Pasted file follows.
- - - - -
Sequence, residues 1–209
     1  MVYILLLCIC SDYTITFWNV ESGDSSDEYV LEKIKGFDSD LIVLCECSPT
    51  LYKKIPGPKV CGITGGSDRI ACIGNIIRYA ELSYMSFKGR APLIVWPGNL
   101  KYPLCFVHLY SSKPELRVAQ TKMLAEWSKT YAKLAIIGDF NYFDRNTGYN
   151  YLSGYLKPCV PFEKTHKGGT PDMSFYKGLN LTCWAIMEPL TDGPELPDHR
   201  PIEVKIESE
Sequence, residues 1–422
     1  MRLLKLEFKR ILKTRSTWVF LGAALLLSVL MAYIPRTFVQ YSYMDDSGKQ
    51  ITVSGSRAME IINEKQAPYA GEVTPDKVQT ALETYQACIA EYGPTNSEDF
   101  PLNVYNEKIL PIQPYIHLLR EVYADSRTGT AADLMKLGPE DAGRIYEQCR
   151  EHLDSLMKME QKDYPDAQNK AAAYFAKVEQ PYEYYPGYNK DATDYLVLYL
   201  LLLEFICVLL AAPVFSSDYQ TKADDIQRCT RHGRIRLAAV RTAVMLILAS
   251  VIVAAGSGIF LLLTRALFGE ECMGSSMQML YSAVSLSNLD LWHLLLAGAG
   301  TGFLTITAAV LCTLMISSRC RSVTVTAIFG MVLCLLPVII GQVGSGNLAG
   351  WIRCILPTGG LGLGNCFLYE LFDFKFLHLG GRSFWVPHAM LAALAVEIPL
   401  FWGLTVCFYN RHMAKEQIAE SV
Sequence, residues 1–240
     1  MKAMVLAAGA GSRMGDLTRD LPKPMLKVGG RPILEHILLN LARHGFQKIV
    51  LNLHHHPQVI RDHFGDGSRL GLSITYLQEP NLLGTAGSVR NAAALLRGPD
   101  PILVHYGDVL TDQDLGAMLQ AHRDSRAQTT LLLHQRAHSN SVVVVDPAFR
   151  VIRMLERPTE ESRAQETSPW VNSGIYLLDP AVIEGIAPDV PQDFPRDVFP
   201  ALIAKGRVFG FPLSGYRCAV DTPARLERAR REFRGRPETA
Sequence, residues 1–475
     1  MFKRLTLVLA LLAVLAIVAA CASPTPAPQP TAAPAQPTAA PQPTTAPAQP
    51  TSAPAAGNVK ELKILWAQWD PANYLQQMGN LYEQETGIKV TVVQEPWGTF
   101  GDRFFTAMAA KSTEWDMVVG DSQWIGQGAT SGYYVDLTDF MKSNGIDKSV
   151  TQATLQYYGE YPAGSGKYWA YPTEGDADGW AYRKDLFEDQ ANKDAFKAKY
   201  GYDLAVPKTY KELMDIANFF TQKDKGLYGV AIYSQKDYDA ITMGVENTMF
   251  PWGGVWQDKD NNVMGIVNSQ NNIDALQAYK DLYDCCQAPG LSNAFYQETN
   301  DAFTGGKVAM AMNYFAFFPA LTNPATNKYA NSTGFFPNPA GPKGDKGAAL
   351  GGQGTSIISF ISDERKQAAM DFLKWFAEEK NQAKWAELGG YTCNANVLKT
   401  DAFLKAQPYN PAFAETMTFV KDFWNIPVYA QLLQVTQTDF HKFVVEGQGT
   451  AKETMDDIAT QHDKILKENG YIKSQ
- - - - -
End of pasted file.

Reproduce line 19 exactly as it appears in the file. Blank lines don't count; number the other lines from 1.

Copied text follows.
    51  LNLHHHPQVI RDHFGDGSRL GLSITYLQEP NLLGTAGSVR NAAALLRGPD